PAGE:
The Nazareth program also gives the men greater access to day trips to stores, restaurants and other parts of the region to help with "acculturation" while they live at Becket Hall, the diocesan residential program for those discerning priestly vocations, noted Grizard.

In addition to their classes at Nazareth, the diocese also has offered workshops to help the seminarians — as well as international priests, known as "externs," working in local churches — learn about the different cultures represented throughout the region, Brizard said.

Offering such workshops is "usually what we do when they (seminarians and externs) first arrive to inculturate them and give them an idea of what to expect along the way," noted Brother Lozada.

Although Viloria arrived only last month, he also has enrolled at Nazareth after taking theology courses in Colombia last fall that so he would not fall too far behind Valle and Ruiz-Sierra, Grizard explained.

Viloria said that he felt the call to priesthood at age 17 because of the example set by a priest in his parish. He comes from a family of seven children who, along with his parents, fully support his decision to not only become a priest but do so in another country, added Viloria, 30.

For Valle, who also is 30, the call came when he was a young child, he said.

"In all areas of my development — personally, socially, religiously and culturally — I have been very aware that there exists a God above all others," he remarked. "And since that moment when I felt called by him, he has stood by me in all areas of my life."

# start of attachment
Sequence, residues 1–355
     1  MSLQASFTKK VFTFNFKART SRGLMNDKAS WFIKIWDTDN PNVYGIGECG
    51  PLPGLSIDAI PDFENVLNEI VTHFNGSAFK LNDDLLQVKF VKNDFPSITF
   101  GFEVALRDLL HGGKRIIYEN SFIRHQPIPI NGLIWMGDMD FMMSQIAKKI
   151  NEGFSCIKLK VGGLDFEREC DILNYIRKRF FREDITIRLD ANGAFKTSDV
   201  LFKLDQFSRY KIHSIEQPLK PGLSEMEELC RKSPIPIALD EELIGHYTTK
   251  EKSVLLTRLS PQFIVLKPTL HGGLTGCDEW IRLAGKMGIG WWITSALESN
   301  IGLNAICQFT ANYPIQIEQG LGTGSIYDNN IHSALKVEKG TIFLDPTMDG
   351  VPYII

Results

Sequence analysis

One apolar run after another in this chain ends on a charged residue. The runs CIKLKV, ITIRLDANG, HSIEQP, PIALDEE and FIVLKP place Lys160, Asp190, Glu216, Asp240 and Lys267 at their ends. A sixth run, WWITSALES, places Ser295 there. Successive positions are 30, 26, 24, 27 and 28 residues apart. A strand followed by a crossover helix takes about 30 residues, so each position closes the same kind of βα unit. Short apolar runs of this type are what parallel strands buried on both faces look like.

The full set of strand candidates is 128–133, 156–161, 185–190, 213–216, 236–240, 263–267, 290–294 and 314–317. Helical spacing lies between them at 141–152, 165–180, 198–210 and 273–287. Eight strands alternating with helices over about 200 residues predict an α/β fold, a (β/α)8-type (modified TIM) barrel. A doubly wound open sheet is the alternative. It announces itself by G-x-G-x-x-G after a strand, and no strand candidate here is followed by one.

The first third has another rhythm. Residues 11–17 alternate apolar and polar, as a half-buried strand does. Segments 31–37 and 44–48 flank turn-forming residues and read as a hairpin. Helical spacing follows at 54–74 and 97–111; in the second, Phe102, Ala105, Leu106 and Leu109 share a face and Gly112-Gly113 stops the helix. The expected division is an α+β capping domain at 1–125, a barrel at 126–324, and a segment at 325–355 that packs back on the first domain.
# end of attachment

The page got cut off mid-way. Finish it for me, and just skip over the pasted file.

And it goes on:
In an e-mail, Ruiz-Sierra said that he attended a Jesuit high school in Medellín after attending the Columbus School where he had learned English. Through prayer, retreats and service to the poor during those high school years, Ruiz-Sierra said he found God and eventually decided to follow that call.

He studied economics at Eafit University and then joined the Jesuits working with the poor in several cities in Colombia. Later, he studied philosophy at the Pontifical Xaverian University in Bogotá — where Valle also studied — and at the University of Antioquia. In 2010, he reached out to Father Gómez to discuss the priesthood and was referred to Father Fernando Bernal, who also referred the other Colombian seminarians who have come to the Rochester Diocese.

With support from his parents and three siblings, Ruiz-Sierra said that he found himself on a plane to Rochester last August along with Valle, who said he comes from a close family that has always been strong in the faith.

"Our parents always supported us in all our life decisions, me especially with this major choice to enter religious life and move to another country, which was an emotionally charged situation," he added. "But my parents and (four) brothers and sisters always stood by me in these important decisions."

All three men said they have been welcomed by people from throughout the diocese, which has made their transition easier, even while learning a language Valle described as "very different" from their native tongue.

"Here, I have encountered a community that is committed to its faith, open and welcoming that has offered much support in this process of adapting to a new culture as well as have all the people who work in vocations and (priest) formation in the diocese," Ruiz-Sierra stated.